How to get a sponsor and why it's important for your career

Lydia Smith
·Writer, Yahoo Finance UK
·4 min read
SPONSOR CONCEPT
While sponsors need to be in a position to influence, anyone can use their power and influence to benefit others. Photo: Getty

A successful career can take more than just talent and hard work.

Sometimes, having someone to guide you and provide support can make a significant difference when it comes to getting ahead. This might be a colleague, a former co-worker or a friend who can talk frankly with you and help you perform your best.

These friendships are hugely valuable in the workplace, offering you advice, knowledge and direction when it comes to career decisions. But there are several key ingredients for moving up the ladder that these mentors lack: Influence, capital and the power to directly offer you good opportunities. This is the role of a sponsor.

“A sponsor is a senior person who is willing to use their influence to advocate for you when you’re not in the room,” says Penelope Jones, career coach and founder of My So-Called Career.

“Someone who can put your name forward for high profile projects, promotions and other career opportunities, and/or ensure projects or issues you care about are more widely seen, or your input to them recognised.”

READ MORE: Why virtual recruitment is here to stay — and how to make it work

A sponsor plays a more tangible role in the workplace, with the power to push you forward for promotions or pay rises and put you forward for new positions. Sponsorship is less about someone helping you out before they simply like you. Instead, a sponsor is willing to invest in your career, rather than just play the part of a role model.

“A sponsor is willing to stick their own neck out to see you advance and get you a seat at the table, contrasted with a mentor who uses their experience to provide guidance, advice and support,” Jones says.

“Sponsorship is rarely a 100% altruistic act or hidden hand up the ladder - as with so many things, what you put in will affect what you get out,” she adds. “At best, it’s a dynamic relationship which connects senior leaders with talented juniors to mutual, ongoing benefit - a two-way relationship rather than a one way street.”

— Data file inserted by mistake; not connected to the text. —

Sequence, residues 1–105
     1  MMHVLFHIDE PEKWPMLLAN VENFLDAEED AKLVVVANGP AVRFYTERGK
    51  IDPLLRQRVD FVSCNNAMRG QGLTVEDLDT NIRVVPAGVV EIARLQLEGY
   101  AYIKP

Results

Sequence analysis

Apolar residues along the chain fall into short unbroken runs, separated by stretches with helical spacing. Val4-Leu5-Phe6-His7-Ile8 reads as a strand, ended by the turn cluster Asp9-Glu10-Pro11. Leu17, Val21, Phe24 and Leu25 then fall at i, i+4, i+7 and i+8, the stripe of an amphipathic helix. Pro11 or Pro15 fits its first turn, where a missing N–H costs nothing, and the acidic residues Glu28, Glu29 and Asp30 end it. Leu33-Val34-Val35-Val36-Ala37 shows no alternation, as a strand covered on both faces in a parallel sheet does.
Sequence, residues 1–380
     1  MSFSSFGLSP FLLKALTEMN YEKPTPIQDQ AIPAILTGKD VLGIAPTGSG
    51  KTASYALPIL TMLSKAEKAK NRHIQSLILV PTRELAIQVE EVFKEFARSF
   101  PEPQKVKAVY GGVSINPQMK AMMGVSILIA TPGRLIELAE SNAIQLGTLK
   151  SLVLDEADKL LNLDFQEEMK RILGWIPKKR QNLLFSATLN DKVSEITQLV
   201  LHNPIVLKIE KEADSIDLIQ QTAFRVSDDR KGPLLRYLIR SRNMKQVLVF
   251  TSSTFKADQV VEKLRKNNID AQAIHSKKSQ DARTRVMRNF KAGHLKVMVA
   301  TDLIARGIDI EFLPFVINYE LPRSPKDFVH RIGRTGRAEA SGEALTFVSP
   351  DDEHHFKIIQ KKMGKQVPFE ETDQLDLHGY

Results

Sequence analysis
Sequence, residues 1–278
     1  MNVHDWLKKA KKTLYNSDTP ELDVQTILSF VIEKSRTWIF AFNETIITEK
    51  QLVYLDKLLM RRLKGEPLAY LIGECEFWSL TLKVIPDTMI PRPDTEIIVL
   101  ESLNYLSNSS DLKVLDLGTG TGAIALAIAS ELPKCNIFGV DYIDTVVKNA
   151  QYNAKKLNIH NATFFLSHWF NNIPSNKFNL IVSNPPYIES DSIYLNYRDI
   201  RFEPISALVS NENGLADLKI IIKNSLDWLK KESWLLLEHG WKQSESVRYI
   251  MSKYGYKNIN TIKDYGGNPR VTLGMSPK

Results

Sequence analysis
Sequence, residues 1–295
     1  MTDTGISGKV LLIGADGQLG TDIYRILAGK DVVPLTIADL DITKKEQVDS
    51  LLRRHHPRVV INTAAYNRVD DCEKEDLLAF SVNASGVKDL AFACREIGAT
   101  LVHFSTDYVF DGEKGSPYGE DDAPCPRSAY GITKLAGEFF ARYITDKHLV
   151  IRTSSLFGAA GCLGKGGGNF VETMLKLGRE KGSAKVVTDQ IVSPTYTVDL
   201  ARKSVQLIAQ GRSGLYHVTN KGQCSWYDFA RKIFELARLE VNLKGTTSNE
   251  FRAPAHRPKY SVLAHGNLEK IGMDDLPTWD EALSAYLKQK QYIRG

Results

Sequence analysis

And although sponsorship is best known for the role it can play when you are both in a single organisation, these relationships can gain you visibility and opportunities to progress across companies and sectors.

Crucially, those who act as sponsors don’t actually need to have a space at the very top table.

While sponsors need to be in a position to influence, anyone can use their power and influence to benefit others. “It’s less about your seniority and more about the influence you have and how you use it,” Jones says.

Watch: How To Negotiate A Pay Rise

So far, so good. But how do you go about getting a sponsor?

Unfortunately, Jones explains, it is not straightforward. “There is little ‘skin in the game’ for most mentors - they are giving their time and insight, both of which have significant value but can be given with little personal risk, hence we see a lot of people putting themselves forward in this way,” she says.

“A sponsor is actively speaking out for you, and with that more overt connection, comes a greater opportunity for reward for you, but also a higher level of perceived risk for them, so you will need to go further to.”

A good approach is to ensure you are doing whatever is in your power to get yourself noticed in a positive light by people in a position to help you.

“If there is a manager, exec or other more senior colleague whose work you respect and who you think could help elevate you, or otherwise amplify your voice, ask yourself what you could do to strengthen the relationship? How could you make it easier for them to help you?” Jones says.

READ MORE: Are edible CVs and other gimmicks the best way to land a new job?

A good starting point is to look for leaders who seem to share your values or value your strengths.

“Ask if they would be up for a career conversation on that basis - a chance to ask for their input into your future,” she adds. “A meaningful career conversation is active, forward looking and action focused - it is not a quick chat snatched in a corridor. Take responsibility for setting it up, following through on any actions, and feeding back any developments.”

If you already have an idea of a direction you’d like to explore, you could ask for their thoughts on how you might develop more relevant skills or experience. Another option is to ask for their input on how you might be able to use your strengths to greater effect within the company.

“By taking this approach, you are showing that you take your growth and development seriously, that you have selected them for a reason and value their input,” Jones says.

“Importantly, you are not asking them to go out on a limb for you without any prior knowledge of you and your work. This softer approach will most likely lead to them feeling comfortable taking action on your behalf in the longer term.”

Watch: How To Create The Perfect CV

Careers Clinic
Careers Clinic